… the misnamed “Common Core State Standards” are not state standards. They’re national standards, created by Gates-funded consultants for the National Governors Association (NGA). They were designed, in part, to circumvent federal restrictions on the adoption of a national curriculum, hence the insertion of the word “state” in the brand name. States were coerced into adopting the Common Core by requirements attached to the federal Race to the Top grants and, later, the No Child Left Behind waivers. (This is one reason many conservative groups opposed to any federal role in education policy oppose the Common Core.)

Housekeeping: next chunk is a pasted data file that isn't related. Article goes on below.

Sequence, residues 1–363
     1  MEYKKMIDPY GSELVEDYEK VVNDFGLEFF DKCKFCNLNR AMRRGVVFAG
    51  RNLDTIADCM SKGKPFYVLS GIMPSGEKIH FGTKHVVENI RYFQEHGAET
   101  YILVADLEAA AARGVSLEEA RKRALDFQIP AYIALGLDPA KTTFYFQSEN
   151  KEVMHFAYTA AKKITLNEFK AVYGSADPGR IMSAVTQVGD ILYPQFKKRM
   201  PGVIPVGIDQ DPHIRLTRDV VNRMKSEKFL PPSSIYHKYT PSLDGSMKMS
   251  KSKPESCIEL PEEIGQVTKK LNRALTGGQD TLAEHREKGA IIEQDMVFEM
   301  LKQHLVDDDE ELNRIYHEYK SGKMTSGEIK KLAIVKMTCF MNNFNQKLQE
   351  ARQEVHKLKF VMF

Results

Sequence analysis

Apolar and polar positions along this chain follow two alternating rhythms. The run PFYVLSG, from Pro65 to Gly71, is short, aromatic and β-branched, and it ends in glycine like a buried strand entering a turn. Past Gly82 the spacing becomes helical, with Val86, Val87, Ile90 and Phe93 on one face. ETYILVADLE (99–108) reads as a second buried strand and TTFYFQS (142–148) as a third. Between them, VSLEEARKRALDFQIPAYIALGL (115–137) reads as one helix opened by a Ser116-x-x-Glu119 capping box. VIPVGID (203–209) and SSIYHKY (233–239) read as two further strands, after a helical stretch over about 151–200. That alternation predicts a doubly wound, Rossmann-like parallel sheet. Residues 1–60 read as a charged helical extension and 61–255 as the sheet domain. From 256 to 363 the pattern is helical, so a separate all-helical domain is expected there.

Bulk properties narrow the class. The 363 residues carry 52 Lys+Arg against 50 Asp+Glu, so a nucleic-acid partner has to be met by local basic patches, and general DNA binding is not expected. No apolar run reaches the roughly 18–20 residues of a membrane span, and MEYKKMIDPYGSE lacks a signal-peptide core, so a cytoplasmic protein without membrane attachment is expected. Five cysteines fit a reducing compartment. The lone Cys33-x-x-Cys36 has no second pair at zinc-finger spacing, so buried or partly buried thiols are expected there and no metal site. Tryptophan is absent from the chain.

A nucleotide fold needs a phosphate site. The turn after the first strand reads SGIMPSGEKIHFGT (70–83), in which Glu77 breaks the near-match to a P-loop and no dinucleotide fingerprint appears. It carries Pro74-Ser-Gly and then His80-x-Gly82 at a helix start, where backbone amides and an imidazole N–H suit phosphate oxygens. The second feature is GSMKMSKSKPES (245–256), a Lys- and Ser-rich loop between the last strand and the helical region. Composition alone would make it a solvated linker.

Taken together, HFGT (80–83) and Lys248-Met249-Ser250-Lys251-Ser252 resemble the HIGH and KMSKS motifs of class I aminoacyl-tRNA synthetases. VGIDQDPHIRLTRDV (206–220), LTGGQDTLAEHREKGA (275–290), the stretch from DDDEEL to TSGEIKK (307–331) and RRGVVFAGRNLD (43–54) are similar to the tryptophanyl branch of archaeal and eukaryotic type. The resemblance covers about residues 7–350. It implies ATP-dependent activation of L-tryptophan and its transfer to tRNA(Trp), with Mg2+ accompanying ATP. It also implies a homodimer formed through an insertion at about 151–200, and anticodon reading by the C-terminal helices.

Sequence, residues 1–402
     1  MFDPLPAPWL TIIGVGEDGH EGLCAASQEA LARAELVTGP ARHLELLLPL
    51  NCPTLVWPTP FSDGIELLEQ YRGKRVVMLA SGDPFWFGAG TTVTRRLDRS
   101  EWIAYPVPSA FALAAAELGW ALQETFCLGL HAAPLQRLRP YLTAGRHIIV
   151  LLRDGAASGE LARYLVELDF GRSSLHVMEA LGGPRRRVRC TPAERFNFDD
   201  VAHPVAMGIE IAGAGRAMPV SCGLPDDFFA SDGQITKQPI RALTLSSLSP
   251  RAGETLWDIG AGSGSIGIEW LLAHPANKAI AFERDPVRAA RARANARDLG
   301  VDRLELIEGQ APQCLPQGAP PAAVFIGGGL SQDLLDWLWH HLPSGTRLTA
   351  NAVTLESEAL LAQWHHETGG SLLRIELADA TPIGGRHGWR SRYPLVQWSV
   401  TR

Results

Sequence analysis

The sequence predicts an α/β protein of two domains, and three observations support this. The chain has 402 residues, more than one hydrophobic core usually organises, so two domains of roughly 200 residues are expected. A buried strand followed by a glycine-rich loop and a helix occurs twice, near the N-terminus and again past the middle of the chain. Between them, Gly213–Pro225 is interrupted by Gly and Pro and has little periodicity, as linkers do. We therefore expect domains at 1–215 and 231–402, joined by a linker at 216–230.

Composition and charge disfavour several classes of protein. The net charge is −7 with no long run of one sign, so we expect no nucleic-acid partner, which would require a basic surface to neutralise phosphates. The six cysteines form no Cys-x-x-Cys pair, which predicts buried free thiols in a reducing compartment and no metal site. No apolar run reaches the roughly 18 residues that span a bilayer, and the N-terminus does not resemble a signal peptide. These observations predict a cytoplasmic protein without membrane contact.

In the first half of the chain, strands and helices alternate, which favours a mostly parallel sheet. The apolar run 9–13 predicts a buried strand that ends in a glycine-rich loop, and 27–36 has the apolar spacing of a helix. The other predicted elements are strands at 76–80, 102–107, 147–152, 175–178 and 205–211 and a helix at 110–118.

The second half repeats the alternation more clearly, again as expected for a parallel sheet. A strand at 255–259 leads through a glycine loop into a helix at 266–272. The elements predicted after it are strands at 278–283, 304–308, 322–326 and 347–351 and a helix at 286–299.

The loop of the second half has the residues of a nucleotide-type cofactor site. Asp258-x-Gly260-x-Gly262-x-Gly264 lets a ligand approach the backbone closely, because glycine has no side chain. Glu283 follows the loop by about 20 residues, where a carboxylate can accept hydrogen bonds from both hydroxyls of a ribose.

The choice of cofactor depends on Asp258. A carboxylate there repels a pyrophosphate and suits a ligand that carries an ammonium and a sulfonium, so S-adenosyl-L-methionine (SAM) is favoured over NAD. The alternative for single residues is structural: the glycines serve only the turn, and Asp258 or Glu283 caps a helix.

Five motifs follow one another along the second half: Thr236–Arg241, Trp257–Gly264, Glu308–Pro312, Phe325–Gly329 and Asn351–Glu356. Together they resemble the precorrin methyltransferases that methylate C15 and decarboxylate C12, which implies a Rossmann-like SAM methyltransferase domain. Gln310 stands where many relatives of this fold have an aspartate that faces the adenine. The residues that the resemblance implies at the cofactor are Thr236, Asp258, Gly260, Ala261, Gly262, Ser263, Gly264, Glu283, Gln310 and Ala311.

Written mostly by academics and assessment experts—many with ties to testing companies—the Common Core standards have never been fully implemented and tested in real schools anywhere. Of the 135 members on the official Common Core review panels convened by Achieve Inc., the consulting firm that has directed the Common Core project for the NGA, few were classroom teachers or current administrators. Parents were entirely missing. K–12 educators were mostly brought in after the fact to tweak and endorse the standards—and lend legitimacy to the results.
The standards are tied to assessments that are still in development and that must be given on computers many schools don’t have. So far, there is no research or experience to justify the extravagant claims being made for the ability of these standards to ensure that every child will graduate from high school “college and career ready.” By all accounts, the new Common Core tests will be considerably harder than current state assessments, leading to sharp drops in scores and proficiency rates.